Origins | Bearden's
Biography: Bearden's Interests
From shortly after he graduated from college through the late 1960s
Bearden maintained a full-time job with New York's Department of
Social Services, specializing in cases within the gypsy community.
Work in his studio was concentrated at night and on weekends. Nevertheless,
starting in 1940 Bearden's art was represented in solo and group
exhibitions, both in Harlem and downtown (below 110th Street), and
it consistently received enthusiastic reviews. Religious rituals
and literature played an important role in Bearden's life and art.
So did music--from sights and sounds of folk musicians gathered for "the
Saturday night function" in the south, to the hot tempo of Harlem
clubs and dance halls.
In the early 1950s Bearden devoted considerable
attention to song writing, and several of his collaborations were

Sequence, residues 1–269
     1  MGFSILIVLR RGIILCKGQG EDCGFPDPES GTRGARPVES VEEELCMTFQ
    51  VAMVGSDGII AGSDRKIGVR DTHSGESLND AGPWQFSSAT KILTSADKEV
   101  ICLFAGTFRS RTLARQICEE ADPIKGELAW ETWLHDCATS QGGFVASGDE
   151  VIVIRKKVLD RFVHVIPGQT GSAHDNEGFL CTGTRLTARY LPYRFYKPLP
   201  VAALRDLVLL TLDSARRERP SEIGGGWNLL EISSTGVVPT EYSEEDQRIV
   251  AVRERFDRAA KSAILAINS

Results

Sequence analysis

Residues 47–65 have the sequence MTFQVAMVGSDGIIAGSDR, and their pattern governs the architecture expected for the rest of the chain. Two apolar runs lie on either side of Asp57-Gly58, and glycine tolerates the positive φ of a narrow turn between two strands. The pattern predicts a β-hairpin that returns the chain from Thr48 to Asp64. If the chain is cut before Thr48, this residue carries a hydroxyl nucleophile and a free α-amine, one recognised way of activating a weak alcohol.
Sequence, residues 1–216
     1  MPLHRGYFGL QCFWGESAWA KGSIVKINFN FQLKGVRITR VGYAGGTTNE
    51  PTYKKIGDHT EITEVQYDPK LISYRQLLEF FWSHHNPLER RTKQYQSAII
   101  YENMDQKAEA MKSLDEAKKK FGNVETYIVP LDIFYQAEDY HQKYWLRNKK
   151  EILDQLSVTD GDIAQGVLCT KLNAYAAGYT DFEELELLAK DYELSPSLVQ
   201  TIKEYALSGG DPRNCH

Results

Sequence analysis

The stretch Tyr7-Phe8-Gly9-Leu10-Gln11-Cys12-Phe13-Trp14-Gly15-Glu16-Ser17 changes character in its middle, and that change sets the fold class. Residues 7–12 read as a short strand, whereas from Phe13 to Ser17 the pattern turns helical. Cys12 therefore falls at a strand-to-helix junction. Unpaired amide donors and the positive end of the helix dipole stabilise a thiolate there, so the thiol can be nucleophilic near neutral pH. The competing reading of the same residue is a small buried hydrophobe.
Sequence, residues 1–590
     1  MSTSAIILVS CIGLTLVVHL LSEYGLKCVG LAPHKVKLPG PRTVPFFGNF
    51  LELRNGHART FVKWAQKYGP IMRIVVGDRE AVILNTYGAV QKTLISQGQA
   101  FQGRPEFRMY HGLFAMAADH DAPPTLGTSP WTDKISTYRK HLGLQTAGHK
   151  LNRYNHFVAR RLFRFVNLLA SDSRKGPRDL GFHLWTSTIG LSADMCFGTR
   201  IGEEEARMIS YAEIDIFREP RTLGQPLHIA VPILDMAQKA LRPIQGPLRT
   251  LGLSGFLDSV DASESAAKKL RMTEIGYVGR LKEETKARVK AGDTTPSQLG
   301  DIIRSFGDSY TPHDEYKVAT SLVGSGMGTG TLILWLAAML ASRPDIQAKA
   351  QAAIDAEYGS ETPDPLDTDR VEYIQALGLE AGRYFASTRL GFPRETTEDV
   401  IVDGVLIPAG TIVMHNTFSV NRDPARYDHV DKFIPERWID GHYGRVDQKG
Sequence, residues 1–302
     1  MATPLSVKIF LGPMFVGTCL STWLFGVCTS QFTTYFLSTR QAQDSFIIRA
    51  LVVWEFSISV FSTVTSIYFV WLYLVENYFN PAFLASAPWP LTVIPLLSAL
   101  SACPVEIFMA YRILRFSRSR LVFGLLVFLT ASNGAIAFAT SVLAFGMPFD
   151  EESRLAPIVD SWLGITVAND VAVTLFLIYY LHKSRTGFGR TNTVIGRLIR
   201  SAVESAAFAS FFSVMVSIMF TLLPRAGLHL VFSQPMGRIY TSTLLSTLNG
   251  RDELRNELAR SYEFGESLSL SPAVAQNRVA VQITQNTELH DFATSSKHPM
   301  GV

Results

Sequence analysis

published as sheet music, among the most famous
of which is “Seabreeze,” recorded by Billy Eckstine. In addition,
throughout his life Bearden wrote essays on social and art-historical subjects,
as well as three full-length books coauthored with friends: The Painter's
Mind: A Study of the Relations of Structure and Space in Painting (1969)
with painter Carl Holty; and Six Black Masters of American Art (1972)
History of African-American Artists: From 1792 to the Present (posthumously,
1993), both with journalist Harry Henderson.
In 1973 Bearden and his wife Nanette built a second home on
her family's land in St. Martin. They subsequently spent several months in
the Caribbean each year.
These sojourns suggested new subjects, including festivals celebrated and rituals
practiced on the island.
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